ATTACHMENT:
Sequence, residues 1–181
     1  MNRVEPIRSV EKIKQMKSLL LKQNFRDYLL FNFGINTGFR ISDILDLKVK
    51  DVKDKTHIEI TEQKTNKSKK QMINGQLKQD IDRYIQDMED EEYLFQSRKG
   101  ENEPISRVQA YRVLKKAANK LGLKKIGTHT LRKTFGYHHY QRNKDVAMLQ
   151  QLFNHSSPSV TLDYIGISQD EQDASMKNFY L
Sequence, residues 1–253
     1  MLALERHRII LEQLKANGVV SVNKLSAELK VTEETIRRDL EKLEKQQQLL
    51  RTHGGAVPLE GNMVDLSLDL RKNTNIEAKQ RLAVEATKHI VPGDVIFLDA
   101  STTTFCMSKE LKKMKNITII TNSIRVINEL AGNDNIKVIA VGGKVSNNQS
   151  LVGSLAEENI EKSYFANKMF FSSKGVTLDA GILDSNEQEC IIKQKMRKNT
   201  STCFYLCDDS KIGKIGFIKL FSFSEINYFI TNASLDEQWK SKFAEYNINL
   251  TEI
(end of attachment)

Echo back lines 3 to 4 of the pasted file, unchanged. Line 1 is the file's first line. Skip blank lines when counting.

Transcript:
    51  DVKDKTHIEI TEQKTNKSKK QMINGQLKQD IDRYIQDMED EEYLFQSRKG
   101  ENEPISRVQA YRVLKKAANK LGLKKIGTHT LRKTFGYHHY QRNKDVAMLQ